It’s mid-November and the football gods have all but decided who are the chosen ones. BCS, AP and USA TODAY Coaches Polls are burning holes in sports sections across the country and bouncing from social network to social network millions of times faster than any paper boy could imagine.
Each organization is experiencing their own set of triumphs and troubles – particularly the have-nots of the bigger conferences.
But when the hundreds of photographers dawn on a college town to cover some of the most impressive and sometimes least impressive games of the season, what exactly is going to tell the story.
I tell my journalism classes time and time again that a good story goes far beyond “it happened.” In this case, these stories are far greater than “just a game.”
In the case of the Florida Gators, no one expected that the Vanderbilt game could be the defining moment of the season, but much to the Gators’ dismay, it was.
Going into the Florida-Vandy game there were a number of storylines making the rounds – head coach Will Muschamp’s job status being the loudest with offensive coordinator Brent Pease’s job being the second-loudest.
This goes into the first lesson of shooting mid-season or any game for that matter: Homework.
Researching each team prior to kickoff fundamentally changes how you tell the story of the game in pictures. In this case, the storylines were loud and clear on the Florida side of the ball, but for Vanderbilt it was a chance to finally prove themselves worthy in the Southeastern Conference – particularly with their passing game and a versatile quarterback (see fourth-down conversions).
In this case, grabbing photos of Pease was a must; along with shooting the ever-shrinking fan base that Florida has been attracting this season.
What wasn’t expected was just how far Vanderbilt was going to pull away in the first half of the game. Multiple times, I found myself running to the opposite endzone to grab a touchdown photo because it was suddenly a critical moment of the game.
Florida could not score in the first half, and every potentially blocked kick could have turned the game around.
This makes for a lot more work to tell a story of the game.
Sometimes, blowouts are just easier. This was not the case.
Other times, you just get lucky.
That takes us to the second lesson: Get Lucky.
See Florida-Georgia for example.
After suffering one of the most embarrassing losses of the season, Muschamp was headed back to the locker room at EverBank Field in Jacksonville.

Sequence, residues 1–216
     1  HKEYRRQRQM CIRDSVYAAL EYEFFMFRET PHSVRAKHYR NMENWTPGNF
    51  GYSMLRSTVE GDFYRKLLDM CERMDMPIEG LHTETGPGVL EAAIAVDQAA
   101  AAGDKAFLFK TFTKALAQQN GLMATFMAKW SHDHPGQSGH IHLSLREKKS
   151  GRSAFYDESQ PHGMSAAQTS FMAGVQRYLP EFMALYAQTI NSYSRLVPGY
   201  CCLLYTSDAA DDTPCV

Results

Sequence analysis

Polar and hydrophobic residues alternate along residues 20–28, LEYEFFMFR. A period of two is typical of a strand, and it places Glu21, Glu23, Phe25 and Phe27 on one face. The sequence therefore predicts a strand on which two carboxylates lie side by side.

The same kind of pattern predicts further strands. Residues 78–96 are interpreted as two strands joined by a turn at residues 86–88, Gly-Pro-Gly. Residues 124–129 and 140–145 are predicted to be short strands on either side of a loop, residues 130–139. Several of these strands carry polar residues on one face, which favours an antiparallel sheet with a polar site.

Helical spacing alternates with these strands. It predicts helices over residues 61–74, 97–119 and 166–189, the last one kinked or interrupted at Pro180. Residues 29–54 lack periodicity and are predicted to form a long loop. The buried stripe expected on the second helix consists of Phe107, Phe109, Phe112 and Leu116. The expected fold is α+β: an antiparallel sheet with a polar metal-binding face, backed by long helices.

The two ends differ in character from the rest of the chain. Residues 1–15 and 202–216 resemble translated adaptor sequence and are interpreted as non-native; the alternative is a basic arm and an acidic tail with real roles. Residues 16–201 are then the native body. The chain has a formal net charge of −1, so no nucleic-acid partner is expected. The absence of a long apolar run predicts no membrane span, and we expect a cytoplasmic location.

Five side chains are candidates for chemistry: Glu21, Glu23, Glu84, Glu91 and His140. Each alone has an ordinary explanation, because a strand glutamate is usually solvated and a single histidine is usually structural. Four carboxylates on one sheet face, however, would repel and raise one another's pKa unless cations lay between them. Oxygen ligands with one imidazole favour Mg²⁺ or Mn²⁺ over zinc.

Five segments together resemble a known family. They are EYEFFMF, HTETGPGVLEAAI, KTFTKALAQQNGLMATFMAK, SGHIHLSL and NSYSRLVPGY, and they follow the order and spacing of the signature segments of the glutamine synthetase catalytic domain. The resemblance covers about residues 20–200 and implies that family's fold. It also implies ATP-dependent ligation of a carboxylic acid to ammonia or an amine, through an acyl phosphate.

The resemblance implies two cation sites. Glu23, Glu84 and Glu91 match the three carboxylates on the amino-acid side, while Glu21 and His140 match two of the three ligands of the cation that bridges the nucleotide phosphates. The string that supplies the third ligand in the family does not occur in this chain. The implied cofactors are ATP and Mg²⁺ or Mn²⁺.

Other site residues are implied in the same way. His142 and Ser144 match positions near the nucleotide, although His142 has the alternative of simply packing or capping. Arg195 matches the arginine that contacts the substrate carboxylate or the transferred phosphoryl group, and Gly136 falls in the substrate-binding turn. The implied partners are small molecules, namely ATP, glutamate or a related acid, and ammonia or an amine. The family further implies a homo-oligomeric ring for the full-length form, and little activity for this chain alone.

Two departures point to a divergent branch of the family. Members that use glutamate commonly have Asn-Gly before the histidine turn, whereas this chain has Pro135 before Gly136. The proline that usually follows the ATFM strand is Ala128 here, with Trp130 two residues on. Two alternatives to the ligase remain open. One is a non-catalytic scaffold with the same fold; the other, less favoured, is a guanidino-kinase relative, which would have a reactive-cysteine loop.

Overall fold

I prepared myself to shoot him walking into the tunnel. I got on the ground and framed a shot.
As I began to shoot the series of pictures, Muschamp began replying to a disgruntled Gator fan – this became one of the top stories of the game. A multi-millionaire football coach arguing with a (probably) intoxicated fan is just comedic. Walk away was the lesson not learned here, and it made for a fairly iconic moment in the season.
It was a lucky shot. I had to crop heavily since I was focused on the tunnel shot, not yet Muschamp, who was to the far left of the frame.
While you get lucky once in a while, Planning Ahead always ensures a better story by the end of the game.
Simple things like where the sun will be and what shadow will be cast during the game can help you position yourself for success.
The story of a game is never set at kickoff or even as the clock strikes 00:00, but it does develop.
This was the case as Florida showed it could not fight back to catch Vanderbilt in the second half, and, like clockwork, athletic director Jeremy Foley, came onto the field in the fourth quarter to watch the last moments of the game up close at his designated spot, leaning against the goal post in the South Endzone.
He was not happy.
Position myself in the right spot, with the sun to my back, and enough light to get Foley to “pop” as a shadowy stadium in the background – help set him apart was my goal.
This is exactly what happened with just a few minutes left in the Homecoming game and proved to tell a large part of the story. Foley, one of the most successful athletic directors to have ever worked in college football, walking into a half-empty stadium with a shadow over his head.
These are the stories we write with pictures.
You can run hundreds, even thousands, of yards covering a football game, but it is important to shoot smart. It’s not always needed to run to get the kick just in case it is blocked unless it could change the momentum of the game.
Knowledge of the game is key. If you can referee the game, you cannot tell the full story through pictures. Being able to know when to quit shooting action and focusing on the details – people leaving, athletic directors, injured quarterbacks watching the scoreboard – are all skills that come with years of covering athletic events.
It is much more than “just a game,” it is a complex story that experts tackle to tell each and every week.
I have the utmost respect for my friends who write game recaps and analysis – this is something I would struggle with, even with years of experience working in stadiums. They have a craft that often goes unappreciated, because it is expected to compile a recap/analysis almost instantly after the game ends.
So as the haves and have-nots continue to fight it out for the rest of the season, take a close look at those articles, photo stories and galleries that flood the Internet, sports pages and Twitterverse, and think about the bigger picture.
I can assure you the story will be more than just a won-loss record for Will Muschamp.